A young truck driver after a long shift picks us up on his way to a rest area. We have dinner and check in at TTL Motel (RM85/double) and decide to go to Niah Caves the next day.



DAY 3 (Batu Niah – Miri)


Starting off with sharing a watermelon from the local market and some bananas


We are lucky to get a ride from an elderly man in a 4WD vehicle which seems to be oversized for him, at some times. Be that as it may, he decdes to bring us all the way to Niah National Park HQ. We are forever grateful for his token of generosity. 


We register and leave all luggage at the infodesk with Stefanie. Then take our time to take in the amazing rock formations and huge caves. We find excavation sites and a lot of information in both museum and along the trail. Even with all the best apparatuses it is impossible to wrap up and capture what we encounter here with all our senses!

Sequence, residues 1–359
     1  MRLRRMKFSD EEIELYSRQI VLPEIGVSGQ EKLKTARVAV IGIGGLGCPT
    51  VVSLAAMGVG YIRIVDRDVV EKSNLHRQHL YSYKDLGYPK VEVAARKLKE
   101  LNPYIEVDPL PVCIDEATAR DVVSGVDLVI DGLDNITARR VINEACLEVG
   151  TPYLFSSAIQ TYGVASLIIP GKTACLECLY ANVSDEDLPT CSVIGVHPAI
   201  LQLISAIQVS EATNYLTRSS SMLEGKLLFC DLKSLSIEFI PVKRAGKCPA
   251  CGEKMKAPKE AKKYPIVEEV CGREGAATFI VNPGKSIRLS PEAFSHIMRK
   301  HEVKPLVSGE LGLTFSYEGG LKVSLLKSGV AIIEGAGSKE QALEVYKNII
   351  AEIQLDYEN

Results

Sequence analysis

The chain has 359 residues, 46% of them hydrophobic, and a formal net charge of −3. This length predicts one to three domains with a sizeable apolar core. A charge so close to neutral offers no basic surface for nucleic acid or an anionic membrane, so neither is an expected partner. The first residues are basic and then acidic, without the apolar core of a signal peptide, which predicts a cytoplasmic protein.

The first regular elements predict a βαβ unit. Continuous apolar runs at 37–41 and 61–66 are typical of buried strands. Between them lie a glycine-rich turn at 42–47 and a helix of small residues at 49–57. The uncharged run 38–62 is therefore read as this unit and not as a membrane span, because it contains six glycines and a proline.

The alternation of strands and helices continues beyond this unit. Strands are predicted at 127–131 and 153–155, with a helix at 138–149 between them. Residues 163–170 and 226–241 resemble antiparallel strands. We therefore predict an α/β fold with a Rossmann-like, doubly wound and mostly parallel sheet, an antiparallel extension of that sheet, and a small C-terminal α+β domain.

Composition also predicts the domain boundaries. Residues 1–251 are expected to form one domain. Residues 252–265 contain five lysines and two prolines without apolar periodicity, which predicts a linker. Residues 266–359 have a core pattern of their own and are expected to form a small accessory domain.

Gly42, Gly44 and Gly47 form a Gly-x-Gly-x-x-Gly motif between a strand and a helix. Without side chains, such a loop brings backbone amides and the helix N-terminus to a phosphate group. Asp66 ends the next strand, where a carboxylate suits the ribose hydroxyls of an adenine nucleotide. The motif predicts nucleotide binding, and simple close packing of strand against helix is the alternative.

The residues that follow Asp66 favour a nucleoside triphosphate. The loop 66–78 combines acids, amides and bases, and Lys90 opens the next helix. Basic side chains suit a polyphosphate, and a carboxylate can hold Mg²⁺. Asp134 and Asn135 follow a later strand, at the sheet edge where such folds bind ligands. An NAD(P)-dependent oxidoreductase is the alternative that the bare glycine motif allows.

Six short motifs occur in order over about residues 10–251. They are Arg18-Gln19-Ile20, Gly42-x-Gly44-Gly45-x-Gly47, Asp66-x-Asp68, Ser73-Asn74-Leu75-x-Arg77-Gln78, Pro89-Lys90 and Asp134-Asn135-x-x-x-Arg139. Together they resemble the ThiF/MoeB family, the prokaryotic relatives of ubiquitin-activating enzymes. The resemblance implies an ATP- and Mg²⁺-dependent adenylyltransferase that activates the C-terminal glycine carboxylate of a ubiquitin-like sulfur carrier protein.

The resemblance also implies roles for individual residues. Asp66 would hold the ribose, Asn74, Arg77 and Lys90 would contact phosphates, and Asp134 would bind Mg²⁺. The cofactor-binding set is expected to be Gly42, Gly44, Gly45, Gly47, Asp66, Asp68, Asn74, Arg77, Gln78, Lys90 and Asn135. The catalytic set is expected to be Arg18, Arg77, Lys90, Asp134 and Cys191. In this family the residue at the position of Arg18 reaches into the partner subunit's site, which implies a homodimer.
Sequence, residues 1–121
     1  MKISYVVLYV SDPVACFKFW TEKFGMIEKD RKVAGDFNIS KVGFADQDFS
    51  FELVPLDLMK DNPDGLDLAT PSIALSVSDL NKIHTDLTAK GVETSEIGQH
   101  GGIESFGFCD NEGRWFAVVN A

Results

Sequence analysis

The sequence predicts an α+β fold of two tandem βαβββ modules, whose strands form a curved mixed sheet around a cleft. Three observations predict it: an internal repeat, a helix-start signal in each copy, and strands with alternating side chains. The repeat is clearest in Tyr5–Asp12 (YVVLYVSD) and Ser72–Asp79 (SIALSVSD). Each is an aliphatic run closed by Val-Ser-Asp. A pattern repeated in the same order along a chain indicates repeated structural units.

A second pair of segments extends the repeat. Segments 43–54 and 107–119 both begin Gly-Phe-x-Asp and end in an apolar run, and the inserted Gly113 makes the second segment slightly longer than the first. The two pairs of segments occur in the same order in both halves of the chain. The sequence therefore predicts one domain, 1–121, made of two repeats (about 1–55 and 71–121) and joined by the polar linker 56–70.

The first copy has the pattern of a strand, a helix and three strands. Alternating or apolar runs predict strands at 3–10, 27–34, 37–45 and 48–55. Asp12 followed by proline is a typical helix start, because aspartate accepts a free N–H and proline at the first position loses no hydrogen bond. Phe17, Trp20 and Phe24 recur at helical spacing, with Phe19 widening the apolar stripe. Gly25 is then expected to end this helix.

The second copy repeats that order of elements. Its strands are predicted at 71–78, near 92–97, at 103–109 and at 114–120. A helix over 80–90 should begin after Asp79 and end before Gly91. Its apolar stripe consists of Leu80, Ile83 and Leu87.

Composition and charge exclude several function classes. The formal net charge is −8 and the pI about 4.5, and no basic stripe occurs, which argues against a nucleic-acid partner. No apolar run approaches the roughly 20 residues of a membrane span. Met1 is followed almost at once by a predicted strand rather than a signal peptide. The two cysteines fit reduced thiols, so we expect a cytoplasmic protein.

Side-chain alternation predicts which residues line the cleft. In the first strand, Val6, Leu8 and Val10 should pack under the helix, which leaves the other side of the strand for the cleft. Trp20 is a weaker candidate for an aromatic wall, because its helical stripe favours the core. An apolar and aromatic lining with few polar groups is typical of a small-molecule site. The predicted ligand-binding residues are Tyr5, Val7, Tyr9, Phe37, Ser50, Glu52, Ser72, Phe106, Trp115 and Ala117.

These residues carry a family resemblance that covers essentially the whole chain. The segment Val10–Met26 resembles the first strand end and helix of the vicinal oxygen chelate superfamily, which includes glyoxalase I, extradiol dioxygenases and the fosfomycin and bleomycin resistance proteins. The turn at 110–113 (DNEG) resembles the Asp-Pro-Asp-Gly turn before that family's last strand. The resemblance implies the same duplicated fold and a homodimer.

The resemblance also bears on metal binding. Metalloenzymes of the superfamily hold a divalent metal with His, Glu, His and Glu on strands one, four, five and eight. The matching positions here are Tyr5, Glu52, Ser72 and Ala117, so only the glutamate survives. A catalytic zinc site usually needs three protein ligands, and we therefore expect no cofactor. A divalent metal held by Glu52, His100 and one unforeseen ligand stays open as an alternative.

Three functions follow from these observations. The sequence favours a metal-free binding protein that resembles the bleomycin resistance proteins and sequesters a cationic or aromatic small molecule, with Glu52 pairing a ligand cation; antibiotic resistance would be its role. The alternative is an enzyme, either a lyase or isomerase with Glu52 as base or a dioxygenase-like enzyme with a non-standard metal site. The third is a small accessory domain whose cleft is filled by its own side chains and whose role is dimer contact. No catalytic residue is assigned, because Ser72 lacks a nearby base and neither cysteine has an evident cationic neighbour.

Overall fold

I smell the green moss, i see the swiftlets’ nests in the ceilings, i follow the waterdrops falling from stalactites 30m above my head, i smell the air laden with the stench of bat droppings, i see insects with 20cm long antennas and ants almost as big as my pinky toe (for real!), and every now and then i taste the sweat off my upper lip and feel the t-shirt sticking to my chest and back. It truly is an all-round envelopment in raw nature experienced with all the senses.

After we get back to the parking lot at the Park Headquarters, I ask two girls in a 4WD where they are going: Miri. And yes, we can join! No problem. Like that, this day turns out to be perfect yet again. Arriving in Miri we check in at Dillenia Guesthouse (RM30/dorm). Maarten and I have the entire house for ourselves πŸ™‚